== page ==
Optimal modularity: a demonstration of the evolutionary advantage of modular architectures
AbstractModularity is an important concept in evolutionary theorizing but lack of a consistent definition renders study difficult. Using the generalized NK-model of fitness landscapes, we differentiate modularity from decomposability. Modular and decomposable systems are both composed of subsystems, but in the former, these subsystems are connected via interface standards, while in the latter, subsystems are completely isolated. We derive the optimal level of modularity, which minimizes the time required to globally optimize a system, both for the case of two-layered systems and for the general case of multi-layered hierarchical systems containing modules within modules. This derivation supports the hypothesis of modularity as a mechanism to increase the speed of evolution. Our formal definition clarifies the concept of modularity and provides a framework and an analytical baseline for further research. Copyright The Author(s) 2012
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Bibliographic InfoArticle provided by Springer in its journal Journal of Evolutionary Economics.
Volume (Year): 22 (2012)
Issue (Month): 5 (November)
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Other versions of this item:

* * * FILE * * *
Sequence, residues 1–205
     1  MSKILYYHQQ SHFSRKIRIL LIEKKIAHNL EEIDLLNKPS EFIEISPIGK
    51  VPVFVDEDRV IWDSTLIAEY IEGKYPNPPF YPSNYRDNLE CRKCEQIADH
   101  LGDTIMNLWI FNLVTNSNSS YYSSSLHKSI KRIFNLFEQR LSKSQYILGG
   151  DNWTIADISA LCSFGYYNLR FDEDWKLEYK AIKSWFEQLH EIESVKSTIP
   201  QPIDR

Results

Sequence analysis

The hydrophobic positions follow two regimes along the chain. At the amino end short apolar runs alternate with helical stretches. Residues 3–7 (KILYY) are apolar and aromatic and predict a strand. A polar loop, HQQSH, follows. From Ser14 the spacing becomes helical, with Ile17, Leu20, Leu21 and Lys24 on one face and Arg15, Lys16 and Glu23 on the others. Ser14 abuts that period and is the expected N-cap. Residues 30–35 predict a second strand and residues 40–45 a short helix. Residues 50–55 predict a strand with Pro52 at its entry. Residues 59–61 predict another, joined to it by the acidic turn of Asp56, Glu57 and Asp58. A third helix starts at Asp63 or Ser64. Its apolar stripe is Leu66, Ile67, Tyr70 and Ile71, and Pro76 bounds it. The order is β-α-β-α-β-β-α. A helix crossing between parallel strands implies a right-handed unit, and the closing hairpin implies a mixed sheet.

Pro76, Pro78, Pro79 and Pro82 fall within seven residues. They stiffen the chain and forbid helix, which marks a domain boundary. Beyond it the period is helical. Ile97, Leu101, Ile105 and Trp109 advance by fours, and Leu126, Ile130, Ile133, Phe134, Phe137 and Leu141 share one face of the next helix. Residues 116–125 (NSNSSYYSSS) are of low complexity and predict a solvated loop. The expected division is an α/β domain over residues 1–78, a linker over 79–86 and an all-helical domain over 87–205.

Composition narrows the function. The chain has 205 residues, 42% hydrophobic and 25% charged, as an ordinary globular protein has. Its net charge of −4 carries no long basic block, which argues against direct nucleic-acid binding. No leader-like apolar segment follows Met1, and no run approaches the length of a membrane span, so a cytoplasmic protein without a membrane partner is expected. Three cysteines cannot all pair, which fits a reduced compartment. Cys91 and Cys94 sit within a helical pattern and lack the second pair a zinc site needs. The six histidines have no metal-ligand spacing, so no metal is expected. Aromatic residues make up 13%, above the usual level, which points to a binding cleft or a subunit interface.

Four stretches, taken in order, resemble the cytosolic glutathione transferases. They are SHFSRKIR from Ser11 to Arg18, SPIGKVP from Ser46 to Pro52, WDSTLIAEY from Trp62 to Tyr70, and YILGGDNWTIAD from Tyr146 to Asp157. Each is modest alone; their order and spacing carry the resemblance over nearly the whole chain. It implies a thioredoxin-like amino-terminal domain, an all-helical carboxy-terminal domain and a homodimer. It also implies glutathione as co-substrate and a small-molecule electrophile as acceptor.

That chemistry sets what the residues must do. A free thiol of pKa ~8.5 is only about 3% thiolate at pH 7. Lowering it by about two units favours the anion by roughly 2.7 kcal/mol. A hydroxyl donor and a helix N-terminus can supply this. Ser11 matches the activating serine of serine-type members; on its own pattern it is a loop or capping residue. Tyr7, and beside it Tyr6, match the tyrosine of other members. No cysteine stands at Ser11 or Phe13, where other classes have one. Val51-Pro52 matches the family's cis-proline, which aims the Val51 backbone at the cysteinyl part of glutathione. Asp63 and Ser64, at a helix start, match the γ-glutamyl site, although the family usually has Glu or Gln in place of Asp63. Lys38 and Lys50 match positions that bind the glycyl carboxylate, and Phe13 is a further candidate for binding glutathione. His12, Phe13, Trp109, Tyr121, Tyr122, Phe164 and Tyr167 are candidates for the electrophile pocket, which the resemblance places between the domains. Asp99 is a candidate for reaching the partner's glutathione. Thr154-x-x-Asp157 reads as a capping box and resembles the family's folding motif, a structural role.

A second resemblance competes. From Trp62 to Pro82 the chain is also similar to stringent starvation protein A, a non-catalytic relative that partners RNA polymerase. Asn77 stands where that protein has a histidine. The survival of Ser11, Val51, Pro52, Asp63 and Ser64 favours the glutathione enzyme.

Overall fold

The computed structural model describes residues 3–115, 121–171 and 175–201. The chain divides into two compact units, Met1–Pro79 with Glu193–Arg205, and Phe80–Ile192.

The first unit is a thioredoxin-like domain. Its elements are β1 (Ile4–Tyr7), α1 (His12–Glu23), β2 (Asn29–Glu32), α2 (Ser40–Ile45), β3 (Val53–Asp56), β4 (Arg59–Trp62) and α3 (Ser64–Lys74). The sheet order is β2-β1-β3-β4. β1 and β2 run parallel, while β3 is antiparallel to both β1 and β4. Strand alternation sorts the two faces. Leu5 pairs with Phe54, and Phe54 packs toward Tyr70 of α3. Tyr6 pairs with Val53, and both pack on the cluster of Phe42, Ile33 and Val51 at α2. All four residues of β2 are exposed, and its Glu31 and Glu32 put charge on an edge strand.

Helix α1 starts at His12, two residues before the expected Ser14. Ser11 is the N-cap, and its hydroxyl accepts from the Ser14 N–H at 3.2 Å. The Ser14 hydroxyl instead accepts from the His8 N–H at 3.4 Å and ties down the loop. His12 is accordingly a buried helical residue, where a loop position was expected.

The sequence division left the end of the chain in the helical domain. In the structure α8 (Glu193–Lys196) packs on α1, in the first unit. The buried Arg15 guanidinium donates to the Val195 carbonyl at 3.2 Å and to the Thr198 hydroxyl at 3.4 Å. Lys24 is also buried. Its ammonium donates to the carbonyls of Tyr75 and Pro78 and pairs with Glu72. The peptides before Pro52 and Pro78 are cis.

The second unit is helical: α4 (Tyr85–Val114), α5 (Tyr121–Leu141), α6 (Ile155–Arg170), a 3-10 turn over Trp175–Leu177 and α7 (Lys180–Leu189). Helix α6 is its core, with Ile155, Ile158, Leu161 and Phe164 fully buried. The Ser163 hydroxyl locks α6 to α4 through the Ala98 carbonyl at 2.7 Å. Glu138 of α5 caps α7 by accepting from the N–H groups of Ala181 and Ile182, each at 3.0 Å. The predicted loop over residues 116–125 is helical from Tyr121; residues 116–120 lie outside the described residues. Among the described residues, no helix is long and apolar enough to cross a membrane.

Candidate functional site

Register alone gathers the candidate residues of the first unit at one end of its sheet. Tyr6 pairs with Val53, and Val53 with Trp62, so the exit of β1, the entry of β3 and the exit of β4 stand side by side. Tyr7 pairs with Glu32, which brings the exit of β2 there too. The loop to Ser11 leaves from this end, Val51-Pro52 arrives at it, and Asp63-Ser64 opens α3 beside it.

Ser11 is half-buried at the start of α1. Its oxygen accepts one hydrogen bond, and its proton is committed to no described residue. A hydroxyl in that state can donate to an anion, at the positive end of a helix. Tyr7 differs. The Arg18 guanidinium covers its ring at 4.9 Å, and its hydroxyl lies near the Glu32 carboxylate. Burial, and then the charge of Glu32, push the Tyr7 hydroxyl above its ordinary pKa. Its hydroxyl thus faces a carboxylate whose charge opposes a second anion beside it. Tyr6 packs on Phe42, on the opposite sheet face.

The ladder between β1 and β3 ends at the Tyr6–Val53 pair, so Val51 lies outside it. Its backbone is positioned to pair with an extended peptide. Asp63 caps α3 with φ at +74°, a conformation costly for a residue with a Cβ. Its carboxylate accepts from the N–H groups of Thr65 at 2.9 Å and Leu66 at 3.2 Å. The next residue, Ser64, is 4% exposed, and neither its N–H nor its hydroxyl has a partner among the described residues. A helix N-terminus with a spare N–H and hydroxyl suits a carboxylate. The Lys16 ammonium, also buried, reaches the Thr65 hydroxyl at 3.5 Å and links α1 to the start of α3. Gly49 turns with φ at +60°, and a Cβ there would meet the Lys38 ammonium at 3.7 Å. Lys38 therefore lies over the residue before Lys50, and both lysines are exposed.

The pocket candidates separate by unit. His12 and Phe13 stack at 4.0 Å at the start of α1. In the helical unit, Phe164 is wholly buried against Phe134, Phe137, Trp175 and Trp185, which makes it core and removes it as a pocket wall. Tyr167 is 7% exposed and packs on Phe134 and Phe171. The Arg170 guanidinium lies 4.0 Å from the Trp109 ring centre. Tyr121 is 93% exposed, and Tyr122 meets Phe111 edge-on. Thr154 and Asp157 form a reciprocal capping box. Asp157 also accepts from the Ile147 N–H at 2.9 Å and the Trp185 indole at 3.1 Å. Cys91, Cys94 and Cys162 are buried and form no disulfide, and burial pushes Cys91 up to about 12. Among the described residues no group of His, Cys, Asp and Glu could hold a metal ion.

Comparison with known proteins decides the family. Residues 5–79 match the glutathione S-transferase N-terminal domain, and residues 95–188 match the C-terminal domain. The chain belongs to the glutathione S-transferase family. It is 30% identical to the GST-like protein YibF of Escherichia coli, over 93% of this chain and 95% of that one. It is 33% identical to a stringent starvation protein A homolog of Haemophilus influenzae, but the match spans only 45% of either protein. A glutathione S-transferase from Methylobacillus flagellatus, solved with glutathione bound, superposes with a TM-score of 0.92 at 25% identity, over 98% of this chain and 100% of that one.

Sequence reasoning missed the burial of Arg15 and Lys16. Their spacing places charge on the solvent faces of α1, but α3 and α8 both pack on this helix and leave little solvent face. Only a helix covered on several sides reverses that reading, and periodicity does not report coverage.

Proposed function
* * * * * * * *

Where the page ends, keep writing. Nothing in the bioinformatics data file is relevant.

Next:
- Koen Frenken & Stefan Mendritzki, 2011. "Optimal modularity: A demonstration of the evolutionary advantage of modular architectures," Eindhoven Center for Innovation Studies (ECIS) working paper series 11-03, Eindhoven Center for Innovation Studies (ECIS), revised Jun 2011.
- D20 - Microeconomics - - Production and Organizations - - - General
- D83 - Microeconomics - - Information, Knowledge, and Uncertainty - - - Search, Learning, and Information
- L23 - Industrial Organization - - Firm Objectives, Organization, and Behavior - - - Organization of Production
- O31 - Economic Development, Technological Change, and Growth - - Technological Change; Research and Development; Intellectual Property Rights - - - Innovation and Invention: Processes and Incentives
- O32 - Economic Development, Technological Change, and Growth - - Technological Change; Research and Development; Intellectual Property Rights - - - Management of Technological Innovation and R&D
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